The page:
Shecky Greene

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Shecky Greene
Shecky Greene in The Love Machine 1971 (cropped).jpg
Shecky Greene in The Love Machine (1971)
Fred Sheldon Greenfield

(1926-04-08) April 8, 1926 (age 96)
EducationSullivan High School, Wilbur Wright College
Years active1954–present
Nalani Kele
(m. 1972; div. 1982)

Marie Musso
(m. 1985)

Shecky Greene (born Fred Sheldon Greenfield; April 8, 1926)[1] is an American comedian. He is known for his nightclub performances in Las Vegas, Nevada, where he became a headliner in the 1950s and '60s.[2][3] He has appeared in several films, including Tony Rome; History of the World, Part I; and Splash. In television, he has guest-starred on such television shows as Love, American Style and Combat!, and later Laverne & Shirley and Mad About You.

Early life, family and education[edit]

Greene was born to Jewish parents, Bessie and Carl Greenfield, and raised on the North Side of Chicago, Illinois.

He enjoyed performing as a youth as a singer and drama club he formed while attending Sullivan High School.[4][5] He emulated his older brother, who liked to speak in accents.[6]

He served in the United States Navy[5] during World War II[7] for three years and was discharged in 1944.[8][9] He was briefly—but more than once—enrolled at Wright Junior College.[8][5]


Greene had planned to become a gym teacher.[8] But after regularly performing stand-up in Chicago at mob-run nightclubs[5][3] and various venues in the upper Midwest, he instead started his comedy career at the Prevue Lounge in New Orleans, Louisiana, where he worked for six years.[10] From there, he went on to showrooms in Miami, Chicago, and Reno/Lake Tahoe before an agent persuaded him to move to Las Vegas and open in 1954 for Dorothy Shay, "the Park Avenue Hillbillie", at the Last Frontier. His act was held over for 18 weeks, a first for that venue.[3] He began performing at The Tropicana Hotel in 1957, remaining there for five years as one of their headliners.[11]

He invented a hysterical, free-form approach to comedy that the confines of a five minute television spot could not handle.[12][13]

Greene played Carnegie Hall and appeared on TV variety show The Ed Sullivan Show, which he says he hated because "They'd rush you on and off". He played Pvt. Braddock for a year on Combat! and guested on The Joey Bishop Show, The Love Boat, and played Lou Carnesco in two episodes of The Fall Guy. He appeared in "Members Only", a fourth-season, 1985 episode of the action TV show The A-Team. Greene was widely respected by his peers, including Johnny Carson who was a longtime fan. Greene made 40 appearances on The Tonight Show[14][15] on which he also served as a guest host. He appeared on The Merv Griffin Show and also served as a guest host. He notes that he gave Arnold Schwarzenegger and Luciano Pavarotti their first national television exposure. He also appeared on Match Game and Tattletales (with his first wife Nalani Kele) in the 1970s.[16]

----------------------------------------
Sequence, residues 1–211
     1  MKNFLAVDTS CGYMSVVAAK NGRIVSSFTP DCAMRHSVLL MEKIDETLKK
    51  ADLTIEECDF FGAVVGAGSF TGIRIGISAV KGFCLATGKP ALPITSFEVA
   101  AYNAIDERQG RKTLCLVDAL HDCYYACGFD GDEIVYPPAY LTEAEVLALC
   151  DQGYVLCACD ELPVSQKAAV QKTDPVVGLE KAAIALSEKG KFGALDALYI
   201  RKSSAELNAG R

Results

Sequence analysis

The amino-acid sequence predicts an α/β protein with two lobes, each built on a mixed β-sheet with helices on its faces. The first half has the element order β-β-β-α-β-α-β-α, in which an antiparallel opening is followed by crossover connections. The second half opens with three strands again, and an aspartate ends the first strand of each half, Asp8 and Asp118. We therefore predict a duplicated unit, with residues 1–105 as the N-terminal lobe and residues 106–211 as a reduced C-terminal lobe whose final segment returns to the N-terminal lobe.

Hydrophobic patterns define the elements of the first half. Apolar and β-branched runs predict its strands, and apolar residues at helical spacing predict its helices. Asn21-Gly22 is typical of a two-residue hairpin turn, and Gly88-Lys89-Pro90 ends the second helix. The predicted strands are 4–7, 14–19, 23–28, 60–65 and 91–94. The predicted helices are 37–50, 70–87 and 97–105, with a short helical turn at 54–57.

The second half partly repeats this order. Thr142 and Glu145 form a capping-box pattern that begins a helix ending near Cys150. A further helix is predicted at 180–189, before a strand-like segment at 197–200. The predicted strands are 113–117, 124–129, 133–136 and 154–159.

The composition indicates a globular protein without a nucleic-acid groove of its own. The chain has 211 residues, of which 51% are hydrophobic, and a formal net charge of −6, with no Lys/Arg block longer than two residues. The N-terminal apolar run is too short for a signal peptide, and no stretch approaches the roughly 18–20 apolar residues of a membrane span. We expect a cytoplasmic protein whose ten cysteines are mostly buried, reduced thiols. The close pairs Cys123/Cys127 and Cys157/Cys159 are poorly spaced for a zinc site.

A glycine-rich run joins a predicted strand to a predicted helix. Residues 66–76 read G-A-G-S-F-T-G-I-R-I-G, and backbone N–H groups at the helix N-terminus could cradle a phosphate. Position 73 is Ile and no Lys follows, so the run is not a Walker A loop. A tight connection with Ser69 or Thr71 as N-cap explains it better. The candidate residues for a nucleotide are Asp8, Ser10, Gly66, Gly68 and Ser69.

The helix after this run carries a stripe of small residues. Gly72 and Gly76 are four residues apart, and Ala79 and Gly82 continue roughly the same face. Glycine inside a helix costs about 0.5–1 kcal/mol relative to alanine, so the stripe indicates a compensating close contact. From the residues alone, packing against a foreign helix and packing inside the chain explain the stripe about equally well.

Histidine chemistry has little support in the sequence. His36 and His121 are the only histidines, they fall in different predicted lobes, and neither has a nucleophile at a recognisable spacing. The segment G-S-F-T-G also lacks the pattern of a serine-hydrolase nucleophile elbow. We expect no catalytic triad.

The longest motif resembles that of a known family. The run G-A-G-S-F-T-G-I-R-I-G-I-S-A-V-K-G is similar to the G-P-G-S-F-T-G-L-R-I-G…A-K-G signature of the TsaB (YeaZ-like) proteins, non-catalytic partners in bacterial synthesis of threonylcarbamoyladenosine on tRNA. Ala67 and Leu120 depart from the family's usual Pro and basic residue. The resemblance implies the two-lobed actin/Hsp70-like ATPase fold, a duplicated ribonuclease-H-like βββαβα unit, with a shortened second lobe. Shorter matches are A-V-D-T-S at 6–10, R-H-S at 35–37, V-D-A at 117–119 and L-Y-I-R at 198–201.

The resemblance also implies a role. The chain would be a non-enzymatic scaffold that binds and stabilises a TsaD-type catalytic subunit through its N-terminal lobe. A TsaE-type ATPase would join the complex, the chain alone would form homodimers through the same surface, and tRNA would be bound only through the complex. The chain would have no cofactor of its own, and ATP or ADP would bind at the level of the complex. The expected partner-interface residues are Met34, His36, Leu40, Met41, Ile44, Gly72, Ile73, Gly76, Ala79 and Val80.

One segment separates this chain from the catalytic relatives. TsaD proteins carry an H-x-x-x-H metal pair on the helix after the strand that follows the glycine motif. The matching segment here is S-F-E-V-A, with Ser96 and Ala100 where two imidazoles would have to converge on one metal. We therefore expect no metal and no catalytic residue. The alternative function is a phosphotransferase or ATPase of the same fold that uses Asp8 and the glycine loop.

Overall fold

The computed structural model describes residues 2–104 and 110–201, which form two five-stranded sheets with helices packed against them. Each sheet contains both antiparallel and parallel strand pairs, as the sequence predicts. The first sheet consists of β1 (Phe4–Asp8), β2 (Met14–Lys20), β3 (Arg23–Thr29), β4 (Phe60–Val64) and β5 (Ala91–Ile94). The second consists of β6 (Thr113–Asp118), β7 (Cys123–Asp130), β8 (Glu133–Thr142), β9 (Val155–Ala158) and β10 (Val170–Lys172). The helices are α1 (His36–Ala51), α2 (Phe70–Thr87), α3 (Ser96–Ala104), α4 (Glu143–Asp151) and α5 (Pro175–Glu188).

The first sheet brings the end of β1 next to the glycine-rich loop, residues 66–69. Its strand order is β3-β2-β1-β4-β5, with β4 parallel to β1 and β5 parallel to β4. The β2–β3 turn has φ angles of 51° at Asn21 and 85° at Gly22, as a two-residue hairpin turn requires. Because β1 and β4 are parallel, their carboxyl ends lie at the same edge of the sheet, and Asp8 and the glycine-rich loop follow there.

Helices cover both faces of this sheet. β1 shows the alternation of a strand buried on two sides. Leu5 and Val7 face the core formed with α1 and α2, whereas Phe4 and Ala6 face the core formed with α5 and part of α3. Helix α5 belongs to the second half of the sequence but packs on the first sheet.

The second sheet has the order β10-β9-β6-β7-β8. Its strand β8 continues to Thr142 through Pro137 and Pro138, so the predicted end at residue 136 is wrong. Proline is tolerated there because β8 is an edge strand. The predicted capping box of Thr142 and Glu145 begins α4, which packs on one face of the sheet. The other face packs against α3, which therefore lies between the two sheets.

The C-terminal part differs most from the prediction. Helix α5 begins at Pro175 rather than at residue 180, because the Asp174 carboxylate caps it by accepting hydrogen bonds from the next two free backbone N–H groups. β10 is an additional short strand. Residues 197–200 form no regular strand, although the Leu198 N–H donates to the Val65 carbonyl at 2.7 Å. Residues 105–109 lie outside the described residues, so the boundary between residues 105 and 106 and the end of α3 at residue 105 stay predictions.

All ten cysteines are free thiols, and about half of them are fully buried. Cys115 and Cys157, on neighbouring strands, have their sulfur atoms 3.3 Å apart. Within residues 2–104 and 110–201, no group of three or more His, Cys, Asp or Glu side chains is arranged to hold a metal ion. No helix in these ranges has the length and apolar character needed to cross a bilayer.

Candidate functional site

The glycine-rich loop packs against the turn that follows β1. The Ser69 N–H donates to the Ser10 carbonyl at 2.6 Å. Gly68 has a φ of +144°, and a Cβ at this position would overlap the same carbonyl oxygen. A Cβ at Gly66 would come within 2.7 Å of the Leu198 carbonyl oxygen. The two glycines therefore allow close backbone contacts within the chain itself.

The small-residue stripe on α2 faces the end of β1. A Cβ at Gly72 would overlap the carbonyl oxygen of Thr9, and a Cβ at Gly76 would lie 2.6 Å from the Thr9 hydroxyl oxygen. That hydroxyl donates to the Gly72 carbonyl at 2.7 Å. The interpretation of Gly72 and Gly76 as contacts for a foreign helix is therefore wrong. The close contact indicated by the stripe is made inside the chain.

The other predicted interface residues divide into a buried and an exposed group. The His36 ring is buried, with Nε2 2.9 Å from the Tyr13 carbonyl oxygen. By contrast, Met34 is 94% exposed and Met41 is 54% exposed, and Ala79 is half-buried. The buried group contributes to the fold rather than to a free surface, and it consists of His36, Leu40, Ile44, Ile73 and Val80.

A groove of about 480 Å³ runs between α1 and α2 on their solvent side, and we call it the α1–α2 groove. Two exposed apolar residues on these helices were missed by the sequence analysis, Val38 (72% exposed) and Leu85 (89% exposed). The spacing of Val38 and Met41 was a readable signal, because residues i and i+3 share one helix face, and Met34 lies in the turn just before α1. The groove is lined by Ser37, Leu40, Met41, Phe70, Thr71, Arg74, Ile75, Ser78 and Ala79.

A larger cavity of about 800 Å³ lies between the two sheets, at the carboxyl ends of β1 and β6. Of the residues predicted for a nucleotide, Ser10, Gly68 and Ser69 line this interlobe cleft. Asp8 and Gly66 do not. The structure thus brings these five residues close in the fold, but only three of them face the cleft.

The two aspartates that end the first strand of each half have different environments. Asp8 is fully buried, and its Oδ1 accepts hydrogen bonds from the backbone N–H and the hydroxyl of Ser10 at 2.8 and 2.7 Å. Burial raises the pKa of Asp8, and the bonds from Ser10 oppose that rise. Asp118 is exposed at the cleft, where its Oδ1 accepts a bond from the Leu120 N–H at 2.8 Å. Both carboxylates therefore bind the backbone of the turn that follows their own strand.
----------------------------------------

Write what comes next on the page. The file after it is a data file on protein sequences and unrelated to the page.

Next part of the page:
When the MGM Grand Hotel opened in 1975 with Dean Martin as headliner, the second headline act was Shecky Greene whose salary at one point climbed to $150,000 a week and quipped that $125,000 went to "my bookmaker".[7]

Greene claims Jay Leno once told him that his all-time favorite joke is one Greene recounted about Frank Sinatra (with whom Greene had a contentious relationship) "saving his life". Offended by a remark made by Greene, Sinatra sent five men to assault him; after some time, he heard Sinatra say, "OK. He's had enough."[17][2][18]

Beginning in 2003, and lasting for six years, Greene suffered from panic attacks and stage fright that rendered him unable to perform.[19][20][21] In 2009, in Las Vegas, Greene returned to performing.[22][23][24][25][26][27][28][29]

Greene owned several nightclubs over the years and in different cities, including New Orleans.[6]

Personal life[edit]

Offstage, Greene's main passion was Thoroughbred racing. A horse named Shecky Greene (1970–1984) was the 1973 American Champion Sprint Horse and the front-runner for nearly seven furlongs in the 1973 Kentucky Derby until Secretariat ran off with the race.[30][31] As of 2016, Arlington Park in Arlington Heights, Illinois, outside Chicago still holds a Shecky Greene Handicap race.[7]

Greene has been married three times.[3] He was married to Nalani Kele from 1972 to 1982. She had a hugely successful nightclub act, "Nalani Kele Polynesian Revue," from the 1960s to the early 1970s. Since 1985, he has been married to Marie Musso,[7] daughter of Vido Musso, a Las Vegas musician who played saxophone with Benny Goodman. He has resided in Beverly Hills, California; Palm Springs, California; Las Vegas, Nevada.

Greene's career had obstacles due to depression and bipolar disorder,[32] stage fright, gambling, panic attacks and drug abuse and alcoholism.[7][5]